Other examples can be seen in how climate change, natural hazards and, more recently, the global consequences of the war in Ukraine have brought home how our world relies on a complex, often fragile, web of interdependent factors that, if destabilized, can have devastating effects on whole societies.
For example, Ukraine and Russia are both key global cereal and fertilizer producers. One of the ripple effects of the war can be seen in rising global food prices, resulting in higher costs of living for those who can afford it and pushing those who cannot deeper into food insecurity.
Time for a broader perspective
The emergence of COVID-19 has forced a broadening of perspective on systemic risks. The good news is that it has expanded understanding of these risks, and how to address them.
Hazards and shocks can emerge from outside and within the system. Exposure to them can be indirect, meaning that effects can be felt in places that are not directly affected by the hazard — in this case, COVID-19 — but end up being affected as a result of interconnectedness.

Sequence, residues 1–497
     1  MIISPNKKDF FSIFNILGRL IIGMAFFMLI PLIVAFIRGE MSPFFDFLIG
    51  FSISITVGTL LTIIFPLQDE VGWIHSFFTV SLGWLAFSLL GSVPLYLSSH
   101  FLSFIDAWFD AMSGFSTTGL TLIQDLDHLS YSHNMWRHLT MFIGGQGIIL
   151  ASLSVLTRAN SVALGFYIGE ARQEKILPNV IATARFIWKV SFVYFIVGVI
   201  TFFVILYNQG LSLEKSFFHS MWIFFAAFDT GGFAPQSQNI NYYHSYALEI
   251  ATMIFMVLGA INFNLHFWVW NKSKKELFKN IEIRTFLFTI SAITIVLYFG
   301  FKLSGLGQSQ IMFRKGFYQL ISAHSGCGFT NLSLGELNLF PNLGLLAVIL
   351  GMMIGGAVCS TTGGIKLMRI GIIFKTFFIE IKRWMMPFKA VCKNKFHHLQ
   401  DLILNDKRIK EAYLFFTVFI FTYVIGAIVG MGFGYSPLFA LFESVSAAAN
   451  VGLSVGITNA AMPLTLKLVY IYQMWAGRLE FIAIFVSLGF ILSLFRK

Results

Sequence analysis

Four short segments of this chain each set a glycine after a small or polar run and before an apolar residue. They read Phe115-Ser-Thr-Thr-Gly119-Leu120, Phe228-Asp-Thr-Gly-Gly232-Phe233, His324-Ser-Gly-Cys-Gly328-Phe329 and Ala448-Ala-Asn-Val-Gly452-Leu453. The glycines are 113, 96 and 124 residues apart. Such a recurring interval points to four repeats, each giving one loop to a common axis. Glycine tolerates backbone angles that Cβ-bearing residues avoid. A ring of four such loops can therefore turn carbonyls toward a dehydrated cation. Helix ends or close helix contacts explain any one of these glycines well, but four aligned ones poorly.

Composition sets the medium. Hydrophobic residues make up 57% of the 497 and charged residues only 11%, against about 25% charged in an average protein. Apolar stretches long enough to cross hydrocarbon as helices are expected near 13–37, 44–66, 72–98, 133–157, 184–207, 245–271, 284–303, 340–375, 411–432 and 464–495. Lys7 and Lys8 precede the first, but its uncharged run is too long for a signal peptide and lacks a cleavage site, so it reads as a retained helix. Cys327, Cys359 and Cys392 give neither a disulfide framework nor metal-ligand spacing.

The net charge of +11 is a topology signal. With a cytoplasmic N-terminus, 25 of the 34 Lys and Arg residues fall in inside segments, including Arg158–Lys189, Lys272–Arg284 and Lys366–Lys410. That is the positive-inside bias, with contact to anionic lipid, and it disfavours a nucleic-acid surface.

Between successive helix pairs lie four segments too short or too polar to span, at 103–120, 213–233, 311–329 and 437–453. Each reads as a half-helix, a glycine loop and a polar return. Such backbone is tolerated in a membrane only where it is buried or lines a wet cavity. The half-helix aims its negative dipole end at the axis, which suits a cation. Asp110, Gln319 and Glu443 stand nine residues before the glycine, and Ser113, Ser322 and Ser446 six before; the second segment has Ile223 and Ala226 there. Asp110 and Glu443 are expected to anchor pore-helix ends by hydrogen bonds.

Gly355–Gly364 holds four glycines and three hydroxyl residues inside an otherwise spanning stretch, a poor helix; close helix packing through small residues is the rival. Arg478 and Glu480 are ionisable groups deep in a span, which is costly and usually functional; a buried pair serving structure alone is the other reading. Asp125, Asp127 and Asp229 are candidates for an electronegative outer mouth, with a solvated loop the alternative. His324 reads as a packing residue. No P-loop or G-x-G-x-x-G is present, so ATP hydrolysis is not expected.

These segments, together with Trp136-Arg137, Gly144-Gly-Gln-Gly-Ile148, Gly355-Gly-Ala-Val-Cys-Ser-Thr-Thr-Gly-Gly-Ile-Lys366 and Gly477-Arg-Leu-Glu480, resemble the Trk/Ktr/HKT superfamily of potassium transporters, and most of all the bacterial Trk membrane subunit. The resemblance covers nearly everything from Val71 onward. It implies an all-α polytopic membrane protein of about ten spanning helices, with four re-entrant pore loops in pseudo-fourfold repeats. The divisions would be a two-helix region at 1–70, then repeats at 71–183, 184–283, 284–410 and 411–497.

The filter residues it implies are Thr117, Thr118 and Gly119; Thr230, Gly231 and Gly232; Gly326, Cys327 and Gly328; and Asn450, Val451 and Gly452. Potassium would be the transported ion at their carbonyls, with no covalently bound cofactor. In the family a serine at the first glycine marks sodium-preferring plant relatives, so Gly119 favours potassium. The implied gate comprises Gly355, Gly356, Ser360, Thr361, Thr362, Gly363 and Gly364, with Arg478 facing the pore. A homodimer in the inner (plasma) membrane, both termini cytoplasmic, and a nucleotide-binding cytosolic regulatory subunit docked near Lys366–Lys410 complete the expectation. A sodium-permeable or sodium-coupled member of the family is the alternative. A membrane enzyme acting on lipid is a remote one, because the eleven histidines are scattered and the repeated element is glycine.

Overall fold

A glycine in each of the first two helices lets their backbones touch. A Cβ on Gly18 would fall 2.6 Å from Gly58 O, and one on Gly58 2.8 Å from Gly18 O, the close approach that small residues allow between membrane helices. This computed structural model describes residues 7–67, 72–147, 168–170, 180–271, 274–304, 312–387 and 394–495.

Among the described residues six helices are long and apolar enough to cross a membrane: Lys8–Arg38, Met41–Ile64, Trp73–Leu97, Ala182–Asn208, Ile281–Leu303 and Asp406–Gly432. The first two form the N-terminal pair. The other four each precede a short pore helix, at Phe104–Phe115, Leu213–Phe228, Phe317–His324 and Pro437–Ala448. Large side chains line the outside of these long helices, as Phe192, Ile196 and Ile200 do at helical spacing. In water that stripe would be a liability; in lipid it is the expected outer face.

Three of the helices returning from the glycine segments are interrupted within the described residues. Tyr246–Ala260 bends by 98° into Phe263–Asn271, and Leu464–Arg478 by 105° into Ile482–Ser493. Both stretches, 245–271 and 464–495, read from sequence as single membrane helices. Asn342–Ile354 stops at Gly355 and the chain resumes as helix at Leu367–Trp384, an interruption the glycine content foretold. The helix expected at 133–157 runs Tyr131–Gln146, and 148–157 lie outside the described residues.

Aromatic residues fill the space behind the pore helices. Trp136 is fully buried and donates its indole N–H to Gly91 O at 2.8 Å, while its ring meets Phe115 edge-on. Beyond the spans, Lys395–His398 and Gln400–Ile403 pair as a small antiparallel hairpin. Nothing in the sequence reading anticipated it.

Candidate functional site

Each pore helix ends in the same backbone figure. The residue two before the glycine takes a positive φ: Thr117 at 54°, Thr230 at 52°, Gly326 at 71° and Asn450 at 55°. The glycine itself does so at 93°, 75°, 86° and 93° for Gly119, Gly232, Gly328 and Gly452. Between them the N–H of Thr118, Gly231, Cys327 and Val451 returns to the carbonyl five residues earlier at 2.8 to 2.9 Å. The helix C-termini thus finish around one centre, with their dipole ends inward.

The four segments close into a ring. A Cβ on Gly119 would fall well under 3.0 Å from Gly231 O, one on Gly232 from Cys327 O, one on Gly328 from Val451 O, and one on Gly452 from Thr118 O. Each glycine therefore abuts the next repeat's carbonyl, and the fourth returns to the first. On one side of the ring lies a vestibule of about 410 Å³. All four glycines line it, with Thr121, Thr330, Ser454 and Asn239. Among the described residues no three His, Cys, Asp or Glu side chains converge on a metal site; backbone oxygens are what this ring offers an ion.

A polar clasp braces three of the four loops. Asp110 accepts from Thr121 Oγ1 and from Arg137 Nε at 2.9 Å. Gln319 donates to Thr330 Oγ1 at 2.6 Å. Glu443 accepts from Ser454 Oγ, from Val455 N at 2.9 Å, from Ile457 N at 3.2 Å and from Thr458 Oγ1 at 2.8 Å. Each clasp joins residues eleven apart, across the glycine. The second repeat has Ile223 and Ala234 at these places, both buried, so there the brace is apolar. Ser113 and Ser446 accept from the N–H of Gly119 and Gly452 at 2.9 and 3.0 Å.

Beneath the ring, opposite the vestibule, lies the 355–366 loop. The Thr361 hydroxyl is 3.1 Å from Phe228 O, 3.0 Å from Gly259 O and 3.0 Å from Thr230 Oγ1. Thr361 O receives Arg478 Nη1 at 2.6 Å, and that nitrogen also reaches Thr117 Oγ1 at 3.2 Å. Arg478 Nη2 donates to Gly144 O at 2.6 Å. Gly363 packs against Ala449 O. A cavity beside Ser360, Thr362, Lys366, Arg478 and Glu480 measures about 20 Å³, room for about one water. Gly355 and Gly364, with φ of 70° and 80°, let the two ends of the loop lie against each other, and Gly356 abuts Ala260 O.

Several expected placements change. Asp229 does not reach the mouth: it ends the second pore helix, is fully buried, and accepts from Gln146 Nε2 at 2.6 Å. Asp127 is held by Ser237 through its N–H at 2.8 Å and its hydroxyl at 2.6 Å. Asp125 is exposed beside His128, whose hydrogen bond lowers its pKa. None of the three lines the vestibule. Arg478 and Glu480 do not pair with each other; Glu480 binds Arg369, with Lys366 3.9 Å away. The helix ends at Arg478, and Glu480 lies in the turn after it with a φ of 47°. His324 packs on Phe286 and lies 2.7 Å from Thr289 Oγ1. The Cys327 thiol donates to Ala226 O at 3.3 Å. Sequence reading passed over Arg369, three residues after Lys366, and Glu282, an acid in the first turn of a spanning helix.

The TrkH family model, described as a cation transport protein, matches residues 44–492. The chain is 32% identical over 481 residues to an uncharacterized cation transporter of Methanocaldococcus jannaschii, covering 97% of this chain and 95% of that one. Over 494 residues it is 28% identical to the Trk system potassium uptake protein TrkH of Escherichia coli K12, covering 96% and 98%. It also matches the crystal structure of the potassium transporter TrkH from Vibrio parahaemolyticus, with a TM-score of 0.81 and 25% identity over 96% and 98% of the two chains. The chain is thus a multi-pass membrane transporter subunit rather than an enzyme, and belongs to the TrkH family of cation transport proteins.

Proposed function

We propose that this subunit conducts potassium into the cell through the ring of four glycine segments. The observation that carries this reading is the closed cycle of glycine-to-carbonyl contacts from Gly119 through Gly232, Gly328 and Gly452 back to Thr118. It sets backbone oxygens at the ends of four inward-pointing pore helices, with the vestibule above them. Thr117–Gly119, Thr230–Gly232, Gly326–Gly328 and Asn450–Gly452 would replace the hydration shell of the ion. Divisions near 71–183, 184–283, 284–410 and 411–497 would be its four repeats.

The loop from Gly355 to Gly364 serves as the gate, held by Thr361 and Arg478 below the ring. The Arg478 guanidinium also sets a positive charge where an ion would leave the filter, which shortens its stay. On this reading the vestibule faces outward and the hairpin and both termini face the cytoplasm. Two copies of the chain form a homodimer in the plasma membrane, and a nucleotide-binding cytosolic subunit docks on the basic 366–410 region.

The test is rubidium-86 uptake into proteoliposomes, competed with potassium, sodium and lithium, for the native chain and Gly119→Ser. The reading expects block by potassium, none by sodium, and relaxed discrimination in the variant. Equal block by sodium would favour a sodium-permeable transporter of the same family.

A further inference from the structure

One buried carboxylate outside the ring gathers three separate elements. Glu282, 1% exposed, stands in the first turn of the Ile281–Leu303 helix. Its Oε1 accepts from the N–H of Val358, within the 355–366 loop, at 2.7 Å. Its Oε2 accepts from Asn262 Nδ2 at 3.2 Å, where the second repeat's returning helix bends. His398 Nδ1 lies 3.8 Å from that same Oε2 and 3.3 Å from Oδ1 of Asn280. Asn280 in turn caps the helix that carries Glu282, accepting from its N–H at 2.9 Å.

Finally, the vulnerability of one system can also turn into a hazard or shock for other interdependent systems.
What, then, are the actions that can be taken to improve risk management, given that traditional approaches fall short in more complex settings?
One is to understand how things are connected. The cascading effects originating from COVID-19 made it possible to spot the interconnections that exist in many such systems and to assess whether a system is functioning as intended.
Another is to identify the trade-offs implicit in policy measures: several measures to combat COVID-19, such as school closures, stay-at-home orders or travel restrictions, had widespread effects.
This highlights the need to assess and evaluate possible trade-offs and cascading effects involved in introducing such measures, because they can have unexpected repercussions and can exacerbate existing societal vulnerabilities.
A third action is to focus on processes for systemic recovery while leaving no one behind. The interconnected nature of systems presents an opportunity for positive turning points, by creating positive effects. In the pandemic context, this was made real through the job creation that followed the provision of financial assistance from governments, charities and NGOs, or advances in digitalization following stay-at-home orders.
Today’s interconnected world is an evolving system, and disastrous events are often the results of systemic failures. The report shows that It’s time to develop a deeper understanding of systemic risks, how they trigger other hazards and shocks, often in unpredictable ways.
It also demonstrates that managing these risks needs to be properly embedded in how policymakers, planners, and other stakeholders approach risk management, with the aim of creating more resilient, equitable and prosperous communities and societies around the world. — UN News